Densho Digital Archive
Densho Visual History Collection
Title: Henry Shimizu Interview
Narrator: Henry Shimizu
Interviewer: Tom Ikeda
Location: Seattle, Washington
Date: July 25 & 26, 2006
Densho ID: denshovh-shenry-01-0054

<Begin Segment 54>

TI: So your mother and father, after the war, worked at, at these rooming houses, essentially?

HS: Yes, after, after... we went first to the Misericordia Hospital, he was there for two years doing, getting ready, and in the meanwhile, looking for property and keeping an eye on what he was going to do next, and that's when we got into the rooming house business. And then we, when we got our own place, by that time, I was, finished high school, and I was, my work, marks were good enough that I got into pre-med right away, so I got into medicine right away. And two years after that --

TI: And this was within the university...

HS: University of Alberta, yeah.

TI: University of Alberta.

HS: Yeah. Because, and that's, to some degree, it always reflected to me about the quality of the education I received, because, like I say, we didn't, both my sister and myself, we did not take a backseat to anyone there in Edmonton. And on top of that, within two years, I'm into pre-med at the University of Alberta, and so I graduated in '54. And in the meanwhile, by this time, we, Papa's rooming house, rooming houses, business, was going pretty strong, and he was making a living at that. But no, the other thing, he became blind before, by 1956. He became blind before. As a matter of fact, he become blind, he never met, he met Joan only through (her) voice.

TI: So how, how did he become blind? Was it something, an accident?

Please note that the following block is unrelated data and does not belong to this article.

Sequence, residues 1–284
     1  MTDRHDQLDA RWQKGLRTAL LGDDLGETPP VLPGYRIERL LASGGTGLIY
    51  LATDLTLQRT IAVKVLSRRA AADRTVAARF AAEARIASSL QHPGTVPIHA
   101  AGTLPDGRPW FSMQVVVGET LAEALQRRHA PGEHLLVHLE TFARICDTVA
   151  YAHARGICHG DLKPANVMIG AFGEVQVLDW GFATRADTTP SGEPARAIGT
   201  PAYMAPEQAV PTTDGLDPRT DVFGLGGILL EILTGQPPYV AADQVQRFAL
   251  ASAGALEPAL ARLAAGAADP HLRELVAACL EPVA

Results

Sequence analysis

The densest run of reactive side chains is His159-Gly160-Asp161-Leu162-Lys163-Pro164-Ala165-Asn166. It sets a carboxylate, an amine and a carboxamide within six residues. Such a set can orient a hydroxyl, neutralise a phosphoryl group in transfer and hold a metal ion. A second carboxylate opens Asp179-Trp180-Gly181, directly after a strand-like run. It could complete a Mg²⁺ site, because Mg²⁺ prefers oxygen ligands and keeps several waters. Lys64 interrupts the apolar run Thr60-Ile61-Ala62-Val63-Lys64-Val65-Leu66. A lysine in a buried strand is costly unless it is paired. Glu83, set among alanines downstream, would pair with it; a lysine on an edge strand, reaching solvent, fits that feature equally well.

HS: No, it was macular degeneration, and in those days, they didn't know what to do with it. It was (1952), I remember him, he was, I was (at the university hospital) when it happened, and I took him to see the top ophthalmologist at that time, the old professor of ophthalmologist --

TI: I'm going to ask you to move your hand so it's not on that, on that mike.

HS: Was the top ophthalmologist in, at the professor of ophthalmology in Edmonton. He went to see him, and he said to him, "You have macular degeneration, there's nothing we can do. It's too late."

TI: So that must have been very difficult for him.

HS: Yeah.

TI: Your mother during this period, what, how was she taking restarting?

HS: Oh, she made the best of it. She did, matter of fact, she did, she only worked as a, she helped in, helped in looking after the rooming houses with my dad especially after that, because that's 1956, and it's, it's... we went there, it's ten years after we left the internment camp, and by this time he's blind. We, so my mother, by this, never did work outside the house other than the business of looking after my dad as well as looking after the rooming houses. And my father did as much as he could do. He did a lot of the janitorial work even though he was blind. He was able to do a lot of the janitorial work, and eventually, the, they sold the rooming houses, and one, they had to sell it to the, to the local government, because it was gonna be provincial government, he had to pay --

TI: For the courthouse.

HS: -- for the courthouse, and then the other place he kept for another few more years and eventually sold that. And they had made enough money from both of those to buy themselves a place to stay. And he, and so we had another place that he stayed, and eventually went, another house they stayed for about ten years, and in a, and then went to a condominium from there on in. My father lived to be, into 1982, and he died at ninety-five. And so from '56 to '92, he was blind all during that period.

TI: From '56 to '82.

HS: '82, '82, yeah.

<End Segment 54> - Copyright © 2006 Densho. All Rights Reserved.